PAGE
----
Letter Essay #8 – Go Ask Alice

Recently I finished the book ‘Go Ask Alice’ a novel written by Anonymous. It’s a nonfiction book, composed of about 184 pages. After finishing my last book, I was unsure of what to read next. While searching a friend recommended ‘Go ask Alice’, with the promise of a horrible yet beautiful book that reads the truth. It really intrigued me that the author chose to remain anonymous, rather than taking credit for the story. I’m assuming the author was the girl who the book is about, but I can’t be sure.


It all starts off with Alice and her first entry into her diary. She is constantly worrying about her weight, recording her adolescent woes, of course…boys, difficulty with school, and she has a hard time with her parents relating to her. Alice’s father accepts a new job forcing Alice to move to a new school. Alice is excited about the move but she realizes that it is very difficult for herself and others. One day at school Alice is invited to a party and at the party Alice unwillingly takes LSD. After the incident, she vows never to take drugs again. That didn’t last very long. Alice sadly experiences with more drugs and loses her virginity while on acid. During all of this she is to scared to talk to anyone about her drug problem. Not her parents, friends, siblings, or the boy she admires. Alice meets a new friend that has the same interests as Alice and they make for good friends. They use drugs and are popular at school.  Alice and Chris get tired of the life they have now and they move to Berkeley and open up a jewelry shop which turns into a hangout spot for most the neighborhood kids. Alice misses her family and returns home. She wants to start new so she returns to school and avoids drugs. Alice eventually meets a freshman at the local university called Joel. Alice thinks that Joel is the one and she has true love for him. She fantasizes about marrying him. One day Alice finds out she is being sent to an insane asylum. Life in the asylum drains Alice but Joel is keeping her alive for now. Alice then returns home and happy. She comments that she no longer needs to keep writing in her diary because for now she has people she can rely on. During the epilogue, the reader experiences the tragic death of Alice three later she ended the diary due to an overdose. She was one of the thousand deaths that year.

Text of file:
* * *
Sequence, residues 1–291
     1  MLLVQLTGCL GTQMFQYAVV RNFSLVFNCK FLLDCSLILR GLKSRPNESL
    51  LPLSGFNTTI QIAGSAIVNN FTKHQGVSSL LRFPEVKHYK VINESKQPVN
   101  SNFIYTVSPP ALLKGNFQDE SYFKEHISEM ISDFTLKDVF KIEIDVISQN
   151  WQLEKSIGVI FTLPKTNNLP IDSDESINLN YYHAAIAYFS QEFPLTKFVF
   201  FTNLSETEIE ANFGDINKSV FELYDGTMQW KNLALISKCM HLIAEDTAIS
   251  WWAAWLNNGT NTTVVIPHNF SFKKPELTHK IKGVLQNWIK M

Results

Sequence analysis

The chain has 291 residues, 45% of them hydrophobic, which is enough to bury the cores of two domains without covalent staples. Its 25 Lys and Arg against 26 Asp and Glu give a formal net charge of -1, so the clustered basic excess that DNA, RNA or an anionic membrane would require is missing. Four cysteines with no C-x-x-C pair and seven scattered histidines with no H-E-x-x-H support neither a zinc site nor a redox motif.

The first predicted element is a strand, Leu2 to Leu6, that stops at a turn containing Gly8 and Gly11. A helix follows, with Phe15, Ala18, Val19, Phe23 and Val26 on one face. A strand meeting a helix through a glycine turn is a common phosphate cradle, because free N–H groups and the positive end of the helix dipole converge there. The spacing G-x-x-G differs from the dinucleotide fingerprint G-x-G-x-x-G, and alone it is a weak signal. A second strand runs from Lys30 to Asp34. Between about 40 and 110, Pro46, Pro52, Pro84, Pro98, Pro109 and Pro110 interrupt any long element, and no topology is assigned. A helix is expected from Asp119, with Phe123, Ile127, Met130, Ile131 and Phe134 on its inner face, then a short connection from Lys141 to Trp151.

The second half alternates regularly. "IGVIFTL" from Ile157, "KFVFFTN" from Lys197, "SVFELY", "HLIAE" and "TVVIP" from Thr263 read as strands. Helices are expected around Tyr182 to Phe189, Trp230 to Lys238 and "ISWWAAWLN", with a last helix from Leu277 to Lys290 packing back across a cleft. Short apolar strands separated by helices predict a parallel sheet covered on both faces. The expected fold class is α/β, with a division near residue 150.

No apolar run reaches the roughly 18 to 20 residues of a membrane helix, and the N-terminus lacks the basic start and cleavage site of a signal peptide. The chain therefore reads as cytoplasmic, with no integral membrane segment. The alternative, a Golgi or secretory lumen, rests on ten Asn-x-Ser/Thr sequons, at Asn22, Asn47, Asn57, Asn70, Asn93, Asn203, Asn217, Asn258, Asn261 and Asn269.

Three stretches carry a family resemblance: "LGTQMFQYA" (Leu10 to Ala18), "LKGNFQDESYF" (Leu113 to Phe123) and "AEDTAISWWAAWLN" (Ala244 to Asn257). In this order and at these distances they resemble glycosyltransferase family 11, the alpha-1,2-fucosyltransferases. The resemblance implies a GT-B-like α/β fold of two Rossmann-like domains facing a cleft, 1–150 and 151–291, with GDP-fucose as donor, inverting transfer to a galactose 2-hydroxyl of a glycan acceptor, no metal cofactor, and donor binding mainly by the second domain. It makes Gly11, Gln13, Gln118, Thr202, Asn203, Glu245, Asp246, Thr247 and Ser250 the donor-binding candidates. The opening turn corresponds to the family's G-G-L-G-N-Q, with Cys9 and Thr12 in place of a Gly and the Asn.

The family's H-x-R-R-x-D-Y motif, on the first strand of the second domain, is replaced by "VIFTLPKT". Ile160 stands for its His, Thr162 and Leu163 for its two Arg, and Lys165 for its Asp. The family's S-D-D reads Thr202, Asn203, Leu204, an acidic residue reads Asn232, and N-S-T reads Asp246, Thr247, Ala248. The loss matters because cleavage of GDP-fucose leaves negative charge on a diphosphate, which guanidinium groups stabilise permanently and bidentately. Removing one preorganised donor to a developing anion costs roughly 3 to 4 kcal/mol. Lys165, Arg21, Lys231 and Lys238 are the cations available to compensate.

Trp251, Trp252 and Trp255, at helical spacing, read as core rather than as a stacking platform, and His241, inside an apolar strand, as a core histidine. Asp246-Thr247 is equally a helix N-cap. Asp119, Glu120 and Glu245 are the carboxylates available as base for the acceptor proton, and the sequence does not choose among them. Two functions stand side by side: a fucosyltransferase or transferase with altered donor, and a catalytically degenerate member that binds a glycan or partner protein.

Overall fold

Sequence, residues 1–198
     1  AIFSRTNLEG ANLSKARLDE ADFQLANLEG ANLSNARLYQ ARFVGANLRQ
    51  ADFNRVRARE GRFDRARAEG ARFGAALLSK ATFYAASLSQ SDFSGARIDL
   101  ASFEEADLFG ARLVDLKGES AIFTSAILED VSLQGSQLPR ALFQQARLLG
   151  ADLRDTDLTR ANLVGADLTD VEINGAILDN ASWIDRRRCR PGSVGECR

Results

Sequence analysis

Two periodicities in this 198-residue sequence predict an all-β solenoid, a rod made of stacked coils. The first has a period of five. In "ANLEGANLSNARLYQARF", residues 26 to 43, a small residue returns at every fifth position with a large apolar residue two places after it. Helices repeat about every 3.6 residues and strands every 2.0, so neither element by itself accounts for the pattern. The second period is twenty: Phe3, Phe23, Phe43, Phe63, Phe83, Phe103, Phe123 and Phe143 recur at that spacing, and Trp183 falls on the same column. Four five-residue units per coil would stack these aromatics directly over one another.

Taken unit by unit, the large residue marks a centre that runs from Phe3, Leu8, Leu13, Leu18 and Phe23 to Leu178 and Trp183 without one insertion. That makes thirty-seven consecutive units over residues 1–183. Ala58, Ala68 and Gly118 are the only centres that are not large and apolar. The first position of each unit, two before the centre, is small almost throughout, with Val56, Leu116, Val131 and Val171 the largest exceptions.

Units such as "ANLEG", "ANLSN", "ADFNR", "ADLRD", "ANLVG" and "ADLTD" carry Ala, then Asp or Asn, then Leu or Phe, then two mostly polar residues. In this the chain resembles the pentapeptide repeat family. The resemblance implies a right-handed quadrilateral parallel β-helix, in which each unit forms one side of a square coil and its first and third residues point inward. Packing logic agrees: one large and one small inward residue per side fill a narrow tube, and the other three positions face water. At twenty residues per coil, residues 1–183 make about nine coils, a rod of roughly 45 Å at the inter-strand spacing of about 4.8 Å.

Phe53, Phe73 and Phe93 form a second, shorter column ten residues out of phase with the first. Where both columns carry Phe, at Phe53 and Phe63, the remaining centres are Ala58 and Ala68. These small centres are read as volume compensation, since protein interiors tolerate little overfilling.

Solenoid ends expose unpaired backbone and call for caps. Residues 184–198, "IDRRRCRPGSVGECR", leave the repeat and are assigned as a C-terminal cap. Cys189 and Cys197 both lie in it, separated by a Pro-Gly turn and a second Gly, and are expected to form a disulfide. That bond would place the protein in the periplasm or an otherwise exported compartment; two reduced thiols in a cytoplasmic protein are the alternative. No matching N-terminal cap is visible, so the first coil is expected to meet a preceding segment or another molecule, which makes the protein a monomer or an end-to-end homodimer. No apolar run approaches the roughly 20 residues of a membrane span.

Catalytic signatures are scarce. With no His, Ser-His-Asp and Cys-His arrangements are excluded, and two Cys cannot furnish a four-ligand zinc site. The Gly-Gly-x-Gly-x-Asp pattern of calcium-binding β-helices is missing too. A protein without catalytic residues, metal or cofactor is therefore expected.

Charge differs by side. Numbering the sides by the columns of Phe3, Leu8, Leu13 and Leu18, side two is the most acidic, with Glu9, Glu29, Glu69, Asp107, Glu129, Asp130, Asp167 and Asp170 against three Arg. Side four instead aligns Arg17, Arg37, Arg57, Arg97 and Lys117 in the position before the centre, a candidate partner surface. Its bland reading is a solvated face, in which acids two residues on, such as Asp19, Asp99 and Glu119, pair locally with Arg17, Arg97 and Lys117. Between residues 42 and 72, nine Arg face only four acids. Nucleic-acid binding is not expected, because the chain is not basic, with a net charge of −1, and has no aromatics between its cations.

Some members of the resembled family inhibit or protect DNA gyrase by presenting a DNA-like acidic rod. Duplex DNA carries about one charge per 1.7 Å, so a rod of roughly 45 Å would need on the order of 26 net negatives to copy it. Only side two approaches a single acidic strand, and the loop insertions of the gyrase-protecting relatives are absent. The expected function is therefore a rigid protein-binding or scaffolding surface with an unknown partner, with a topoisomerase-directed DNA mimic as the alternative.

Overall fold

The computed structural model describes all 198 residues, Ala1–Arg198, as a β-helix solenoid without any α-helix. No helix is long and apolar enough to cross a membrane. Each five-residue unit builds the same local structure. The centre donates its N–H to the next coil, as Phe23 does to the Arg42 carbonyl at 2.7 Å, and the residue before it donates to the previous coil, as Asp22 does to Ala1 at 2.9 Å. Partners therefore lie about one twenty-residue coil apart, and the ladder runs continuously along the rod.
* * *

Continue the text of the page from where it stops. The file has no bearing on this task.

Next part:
I liked the way the author makes the book feel the same as the actual diary so the reader gets the experience as if he/she wrote the diary. It also allows the reader, if needed, to connect with the text if they are going through the same things that Alice had to go through growing up and in her teenage years. She sets this tone of the book that makes the reader feel immersed in the book by the way she keeps Alice’s words the same. The character development is put together very well. This is due to the actual dairy that Alice wrote. It portrays how an actual teenage girl grows up with all this difficult obstacles in her path and more than just the ordinary like drugs. It is very compelling how the author doesn’t change the word choice and how Alice chooses to live her life and leaves it in the book. I feel that if that was changed out and replaced with something a little more fake and extra it wouldn’t be nearly as interesting as the book is now. The climax of the plot for me, is when Alice is at Berkeley with Chris and she misses her family. The reason why I think this part of the book is the climax is because she makes one of the biggest decisions of her life without anyone knowing but then she realizes she can’t do it and she comes back home where she belongs.


The scene where this takes place is when Alice is at her lowest point she can be at. She hit actual rock bottom and is unsure of what lays ahead of her. “I wish I were popular and beautiful and wealthy and talented.” (pg. 57) In this scene, it’s almost as if you can feel Alice’s sorrow and depression. You can tell how low her self esteem/worth is and it’s heartbreaking to read. Overall I would rate this book an 8.5/10. It was a truly amazing book and I recommend it to everyone. It shares the unseen world of drugs and abuse and demonstrates the lifelong effects that drugs can have on you.



Madison Ganim

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